New Apple TV+ show Hello Tomorrow! blasts back to the future with a pumped-up Space Age pitchman fighting hard to keep his head above water. Actor Billy Crudup, who dazzled us on The Morning Show, puts in another magnificent turn as the Don Draper-style head of a sales team selling timeshares on the moon in a retro-futurist suburban community.
The new series, the first three episodes of which premiere today, has an awful lot on its mind — and only 30-minute episodes in which to say it all. While the delivery feels a little rushed, I’m calling it: Hello Tomorrow! is a special show.
Hello Tomorrow! recap: The first three episodes
Season 1, episodes 1, 2, and 3: As Hello Tomorrow! kicks off, a man (played by Michael Harney) is sitting at a diner drinking beer when he’s approached by a stranger who offers him a solution. How would he like to live on the moon? That might be the answer to his prayers. The man’s not convinced, but the stranger gives him such a pitch that he considers it.
That stranger is Jack Billings (Crudup), and he’s the best damn salesman in the world.
Jack lives in a fantastical alternate timeline where it’s the 1950s, but we’ve got futuristic technology. Floating robots do most menial jobs, from delivering the mail to serving coffee. Jack’s team of salesmen believe in his pitches and confidence almost as much as their clients do.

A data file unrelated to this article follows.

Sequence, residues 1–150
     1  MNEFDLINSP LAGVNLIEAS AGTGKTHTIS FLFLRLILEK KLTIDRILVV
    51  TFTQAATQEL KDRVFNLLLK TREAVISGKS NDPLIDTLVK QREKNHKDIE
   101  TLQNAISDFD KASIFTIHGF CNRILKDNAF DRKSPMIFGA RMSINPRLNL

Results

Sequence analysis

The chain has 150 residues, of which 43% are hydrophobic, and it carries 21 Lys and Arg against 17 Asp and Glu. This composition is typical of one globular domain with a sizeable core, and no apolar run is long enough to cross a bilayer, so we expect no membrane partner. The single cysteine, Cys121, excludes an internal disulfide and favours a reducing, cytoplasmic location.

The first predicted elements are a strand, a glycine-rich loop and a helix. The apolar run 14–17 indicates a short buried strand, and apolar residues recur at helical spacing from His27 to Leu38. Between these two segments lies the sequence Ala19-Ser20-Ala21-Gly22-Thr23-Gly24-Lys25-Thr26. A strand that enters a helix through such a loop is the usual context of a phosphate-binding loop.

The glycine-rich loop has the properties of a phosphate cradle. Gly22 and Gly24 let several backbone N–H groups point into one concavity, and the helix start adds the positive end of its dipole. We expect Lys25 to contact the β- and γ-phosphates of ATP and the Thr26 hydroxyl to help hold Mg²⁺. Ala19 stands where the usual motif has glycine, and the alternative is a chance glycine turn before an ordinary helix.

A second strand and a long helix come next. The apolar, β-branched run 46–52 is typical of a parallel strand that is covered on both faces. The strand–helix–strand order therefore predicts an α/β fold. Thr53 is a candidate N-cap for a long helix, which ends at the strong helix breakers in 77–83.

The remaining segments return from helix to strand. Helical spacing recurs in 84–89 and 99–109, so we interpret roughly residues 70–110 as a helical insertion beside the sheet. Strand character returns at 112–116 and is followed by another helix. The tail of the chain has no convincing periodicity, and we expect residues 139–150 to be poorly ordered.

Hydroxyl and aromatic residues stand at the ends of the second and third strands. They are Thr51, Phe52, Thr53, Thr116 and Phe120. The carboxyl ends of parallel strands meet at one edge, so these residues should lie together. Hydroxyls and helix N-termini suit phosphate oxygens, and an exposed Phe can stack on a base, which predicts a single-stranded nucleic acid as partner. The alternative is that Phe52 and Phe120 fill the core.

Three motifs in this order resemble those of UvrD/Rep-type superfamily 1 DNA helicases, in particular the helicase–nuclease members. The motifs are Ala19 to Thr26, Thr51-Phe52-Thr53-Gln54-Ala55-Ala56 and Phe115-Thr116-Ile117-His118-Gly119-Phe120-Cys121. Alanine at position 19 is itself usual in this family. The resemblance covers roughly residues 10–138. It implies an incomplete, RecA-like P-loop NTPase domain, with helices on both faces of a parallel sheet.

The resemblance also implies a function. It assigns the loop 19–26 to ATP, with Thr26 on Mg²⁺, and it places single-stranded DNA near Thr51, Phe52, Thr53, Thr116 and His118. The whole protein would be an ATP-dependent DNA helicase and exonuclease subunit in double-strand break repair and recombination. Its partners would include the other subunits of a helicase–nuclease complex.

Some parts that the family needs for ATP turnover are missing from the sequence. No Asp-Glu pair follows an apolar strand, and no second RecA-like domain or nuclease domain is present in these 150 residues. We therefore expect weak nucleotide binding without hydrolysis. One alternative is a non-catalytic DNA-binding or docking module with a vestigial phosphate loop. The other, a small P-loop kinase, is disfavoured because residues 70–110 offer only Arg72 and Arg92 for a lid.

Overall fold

There’s Shirley (Haneefah Wood, who stars in Truth Be Told, another Apple TV+ standout) and her steady Eddie (Hank Azaria, who’s famous for his voice acting on The Simpsons). Shirley’s a rational sort, and Eddie’s kind of a hotheaded gambler who owes thousands to bad people. Then there’s Herb Porter (Dewshane Williams), who’s dealing with a little confidence deficiency.
Bad news from the nursing home
One day, Jack gets a telegram from his mom (Jacki Weaver), who’s wasting away in a nursing home. Jack’s ex-wife was crushed by a mail robot and is in a coma, so his son is currently without a parent. That makes Jack’s penchant for selling moon properties — his spiels talk about how much his family loves him — stick in his craw.
Jack makes a more emotional pitch than usual the next day, and everyone can’t help but notice. Especially a young man named Joey Shorter (Nicholas Podany), who wants in on what Jack is selling. Except, of course, Joey is Jack’s kid. Jack doesn’t tell Joey about this, feeling guilty. He gives him a job instead, promising to make something out of him. That’s easier said than done, though. The kid is the opposite of a natural.
Naturally, that’s not the only little white lie Jack must answer for. For instance, the guy he hired to be his pitchman, a retired TV actor named Buck Manzell (Frankie Faizon)? He’s in the same nursing home as Jack’s mom. Sure, Buck thinks he’s on the moon, but that’s because he’s got dementia. And the boss Jack tells people he answers to? Not a real guy.
So the big question that emerges then is: Is there anyone actually living on the moon?
The moon belongs to America!
Oh boy. Ohhhhh boy. So a little something about your author: I love retro mid-century futurism. It’s the perfect design aesthetic. I was once gifted a birthday trip to the TWA Hotel and it was the greatest gift I’ve ever been given. I loved basking in the plush, carpeted hallways of a tomorrow that never arrived.